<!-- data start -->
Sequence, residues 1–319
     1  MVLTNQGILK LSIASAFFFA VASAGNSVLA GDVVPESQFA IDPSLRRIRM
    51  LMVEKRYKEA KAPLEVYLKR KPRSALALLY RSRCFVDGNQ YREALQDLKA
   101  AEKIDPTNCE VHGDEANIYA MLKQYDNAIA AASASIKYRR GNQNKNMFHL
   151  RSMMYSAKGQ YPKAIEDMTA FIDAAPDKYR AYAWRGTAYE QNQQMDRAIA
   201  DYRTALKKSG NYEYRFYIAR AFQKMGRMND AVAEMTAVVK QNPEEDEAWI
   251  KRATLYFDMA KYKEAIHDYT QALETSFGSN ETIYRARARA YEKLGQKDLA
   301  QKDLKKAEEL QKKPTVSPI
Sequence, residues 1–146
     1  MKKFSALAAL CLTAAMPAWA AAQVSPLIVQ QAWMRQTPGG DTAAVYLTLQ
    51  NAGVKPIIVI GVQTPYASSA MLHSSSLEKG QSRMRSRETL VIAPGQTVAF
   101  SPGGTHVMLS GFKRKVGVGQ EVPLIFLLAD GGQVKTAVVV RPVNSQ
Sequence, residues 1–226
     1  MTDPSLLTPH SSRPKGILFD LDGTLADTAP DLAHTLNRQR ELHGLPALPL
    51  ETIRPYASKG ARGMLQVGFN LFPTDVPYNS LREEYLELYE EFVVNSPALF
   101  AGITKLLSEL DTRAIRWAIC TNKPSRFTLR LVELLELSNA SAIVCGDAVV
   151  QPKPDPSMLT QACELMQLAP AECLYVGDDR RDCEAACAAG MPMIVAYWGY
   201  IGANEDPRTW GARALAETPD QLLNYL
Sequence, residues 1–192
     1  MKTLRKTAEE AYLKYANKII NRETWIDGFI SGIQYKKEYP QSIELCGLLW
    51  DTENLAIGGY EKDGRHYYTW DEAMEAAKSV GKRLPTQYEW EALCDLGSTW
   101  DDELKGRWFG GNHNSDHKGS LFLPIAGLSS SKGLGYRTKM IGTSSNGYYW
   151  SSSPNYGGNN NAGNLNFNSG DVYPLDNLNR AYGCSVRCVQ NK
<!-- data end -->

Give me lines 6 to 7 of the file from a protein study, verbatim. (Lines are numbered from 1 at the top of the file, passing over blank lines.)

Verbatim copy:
   201  DYRTALKKSG NYEYRFYIAR AFQKMGRMND AVAEMTAVVK QNPEEDEAWI
   251  KRATLYFDMA KYKEAIHDYT QALETSFGSN ETIYRARARA YEKLGQKDLA